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Journal of Craniovertebral Junction and Spine
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Year : 2014  |  Volume : 5  |  Issue : 1  |  Page : 55-57  

Assessment of long-term kyphosis following transthoracic corpectomy with single adjacent level posterior instrumentation

1 Department of Neurosurgery, Roswell Park Cancer Institute; School of Medicine and Biomedical Sciences, University at Buffalo, State University of New York, USA
2 Department of Neurosurgery,Buffalo General Medical Center, Buffalo, NY, USA
3 Department of Neurosurgery, Roswell Park Cancer Institute; School of Medicine and Biomedical Sciences, University at Buffalo, State University of New York; Department of Neurosurgery,Buffalo General Medical Center, Buffalo, NY, USA

Date of Web Publication24-Jun-2014

Correspondence Address:
Andrew J Fabiano
Department of Neurosurgery, Roswell Park Cancer Institute, Buffalo, NY14263
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Source of Support: None, Conflict of Interest: None

DOI: 10.4103/0974-8237.135233

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Anterior thoracic spinal instrumentation has traditionally been supported by a posterior thoracic construct spanning from at least two levels above to two levels below; however, instrumentation at a single-level above and below may be adequate to support such a construct. We report two cases of transthoracic corpectomy with short-segment posterior fixation with success in long-term stabilization. Two patients with thoracic vertebral malignancy resulting in spinal deformity and spinal cord compression underwent transthoracic corpectomy with placement of an expandable cage proceeded by posterior fixation one level above and one level below. Using the Cobb angle, the degree of kyphosis was measured at 3, 6, and 12 months postoperatively. Long-term spinal stabilization was achieved in both patients. There was no significant increase in kyphosis and no evidence of hardware failure in either patient during the follow-up period. Transthoracic corpectomy with supplementary posterior fixation one level above and below may be adequate to stabilize the spine.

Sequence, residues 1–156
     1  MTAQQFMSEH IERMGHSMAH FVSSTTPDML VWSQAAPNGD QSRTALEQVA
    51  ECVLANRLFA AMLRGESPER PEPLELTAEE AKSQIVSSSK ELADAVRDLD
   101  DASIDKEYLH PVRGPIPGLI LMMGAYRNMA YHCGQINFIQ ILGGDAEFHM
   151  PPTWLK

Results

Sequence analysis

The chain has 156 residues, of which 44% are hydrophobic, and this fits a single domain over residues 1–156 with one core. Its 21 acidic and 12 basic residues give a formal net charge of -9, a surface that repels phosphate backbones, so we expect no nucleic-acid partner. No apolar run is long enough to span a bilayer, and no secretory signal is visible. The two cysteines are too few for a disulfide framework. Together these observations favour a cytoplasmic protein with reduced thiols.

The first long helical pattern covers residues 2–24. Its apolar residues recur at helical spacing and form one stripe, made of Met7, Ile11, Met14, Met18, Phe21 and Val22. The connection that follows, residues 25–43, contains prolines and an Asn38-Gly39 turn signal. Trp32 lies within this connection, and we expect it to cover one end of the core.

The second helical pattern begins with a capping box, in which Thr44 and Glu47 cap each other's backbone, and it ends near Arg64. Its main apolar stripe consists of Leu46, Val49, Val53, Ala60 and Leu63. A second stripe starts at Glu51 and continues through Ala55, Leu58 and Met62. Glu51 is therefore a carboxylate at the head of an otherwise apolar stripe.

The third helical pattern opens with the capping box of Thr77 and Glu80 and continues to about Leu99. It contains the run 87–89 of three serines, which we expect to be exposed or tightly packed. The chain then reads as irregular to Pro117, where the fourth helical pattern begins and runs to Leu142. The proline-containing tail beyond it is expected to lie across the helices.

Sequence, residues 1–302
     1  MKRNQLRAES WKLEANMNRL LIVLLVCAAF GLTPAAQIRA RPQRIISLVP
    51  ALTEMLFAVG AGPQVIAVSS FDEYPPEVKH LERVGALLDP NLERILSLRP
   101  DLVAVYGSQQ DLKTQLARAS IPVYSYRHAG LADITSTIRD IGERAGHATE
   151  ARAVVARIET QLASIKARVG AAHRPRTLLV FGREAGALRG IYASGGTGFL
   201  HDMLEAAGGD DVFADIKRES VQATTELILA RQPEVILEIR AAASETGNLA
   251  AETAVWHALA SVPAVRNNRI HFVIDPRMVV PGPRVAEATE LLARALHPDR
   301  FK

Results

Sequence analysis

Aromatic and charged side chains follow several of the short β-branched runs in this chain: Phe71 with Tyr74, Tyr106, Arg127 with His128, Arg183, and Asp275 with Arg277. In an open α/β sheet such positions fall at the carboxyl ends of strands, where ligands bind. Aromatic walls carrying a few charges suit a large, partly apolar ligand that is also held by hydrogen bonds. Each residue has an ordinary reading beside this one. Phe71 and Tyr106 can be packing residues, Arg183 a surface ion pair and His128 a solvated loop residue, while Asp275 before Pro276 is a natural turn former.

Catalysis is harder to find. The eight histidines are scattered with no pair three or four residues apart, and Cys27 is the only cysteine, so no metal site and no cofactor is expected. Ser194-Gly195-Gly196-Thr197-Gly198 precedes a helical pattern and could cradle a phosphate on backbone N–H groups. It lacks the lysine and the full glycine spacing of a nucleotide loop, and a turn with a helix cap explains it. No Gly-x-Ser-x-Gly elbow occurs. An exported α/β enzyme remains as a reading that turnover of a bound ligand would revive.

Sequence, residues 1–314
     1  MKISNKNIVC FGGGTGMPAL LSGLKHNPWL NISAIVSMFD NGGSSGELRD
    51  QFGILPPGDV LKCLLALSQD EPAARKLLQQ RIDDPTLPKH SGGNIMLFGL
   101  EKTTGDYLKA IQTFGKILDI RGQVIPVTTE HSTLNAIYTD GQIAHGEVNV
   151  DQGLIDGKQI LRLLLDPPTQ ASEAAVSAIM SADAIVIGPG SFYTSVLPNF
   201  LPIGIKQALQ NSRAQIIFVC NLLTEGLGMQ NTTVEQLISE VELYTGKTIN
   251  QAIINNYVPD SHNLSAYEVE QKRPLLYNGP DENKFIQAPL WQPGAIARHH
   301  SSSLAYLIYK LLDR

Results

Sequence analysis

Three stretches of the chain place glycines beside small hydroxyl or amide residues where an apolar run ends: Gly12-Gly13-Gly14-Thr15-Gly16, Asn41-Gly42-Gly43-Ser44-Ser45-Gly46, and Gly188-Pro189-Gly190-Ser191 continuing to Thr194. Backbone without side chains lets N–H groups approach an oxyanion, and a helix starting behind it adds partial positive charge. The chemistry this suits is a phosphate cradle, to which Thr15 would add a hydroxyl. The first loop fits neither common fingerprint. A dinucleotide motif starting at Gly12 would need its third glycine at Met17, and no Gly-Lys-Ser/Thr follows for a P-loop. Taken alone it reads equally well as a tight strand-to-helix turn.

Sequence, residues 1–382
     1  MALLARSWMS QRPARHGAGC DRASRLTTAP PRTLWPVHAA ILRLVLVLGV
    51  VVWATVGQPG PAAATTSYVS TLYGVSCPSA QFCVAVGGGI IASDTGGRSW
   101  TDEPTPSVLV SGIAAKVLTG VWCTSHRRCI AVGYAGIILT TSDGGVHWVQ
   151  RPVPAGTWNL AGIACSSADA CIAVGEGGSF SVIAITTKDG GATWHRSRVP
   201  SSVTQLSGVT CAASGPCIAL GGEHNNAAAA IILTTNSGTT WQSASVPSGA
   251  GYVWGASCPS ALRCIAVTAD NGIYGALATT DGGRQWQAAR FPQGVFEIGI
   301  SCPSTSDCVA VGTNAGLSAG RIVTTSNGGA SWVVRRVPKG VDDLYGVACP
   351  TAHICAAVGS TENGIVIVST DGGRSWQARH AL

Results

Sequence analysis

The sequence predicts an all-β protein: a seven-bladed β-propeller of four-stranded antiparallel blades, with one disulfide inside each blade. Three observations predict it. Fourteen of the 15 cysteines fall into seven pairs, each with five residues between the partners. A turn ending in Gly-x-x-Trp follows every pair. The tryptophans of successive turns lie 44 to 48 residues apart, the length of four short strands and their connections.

Keywords: Anterior expandable cage, corpectomy, kyphosis, spinal cord compression/surgery, spinal epidural malignancy, thoracic, transthoracic

How to cite this article:
Aliotta RE, Roger EP, Lipinski LJ, Fabiano AJ. Assessment of long-term kyphosis following transthoracic corpectomy with single adjacent level posterior instrumentation. J Craniovert Jun Spine 2014;5:55-7

How to cite this URL:
Aliotta RE, Roger EP, Lipinski LJ, Fabiano AJ. Assessment of long-term kyphosis following transthoracic corpectomy with single adjacent level posterior instrumentation. J Craniovert Jun Spine [serial online] 2014 [cited 2023 Feb 9];5:55-7. Available from: https://www.jcvjs.com/text.asp?2014/5/1/55/135233

   Introduction Top

As spinal epidural malignancy becomes increasingly common, techniques to decompress and stabilize the spine become increasingly relevant. Surgical goals include decompression of the spinal cord and nerve roots, restoration of spinal alignment, and stabilization of the weight-bearing column. A common approach to address these goals in the thoracic spine is transthoracic corpectomy with posterior fixation. [1],[2],[3]

Traditionally, anterior thoracic spinal instrumentation has been supported by posterior fixation spanning from at least two levels above to two levels below the anterior construct. The longer the length of the posterior construct, the longer the incision, the greater the need for muscle dissection, and the greater the probability of suboptimal screw placement. We postulate that short-segment posterior stabilization (one level above, one level below the anterior construct) may minimize these morbidities and provide adequate stabilization in cases of thoracic corpectomy for spinal malignancy. We present two cases of successful stabilization with short-segment posterior instrumentation, resulting in resolution of neurologic deficits and stabilization of spinal curvature at long-term follow-up.

   Materials and Methods Top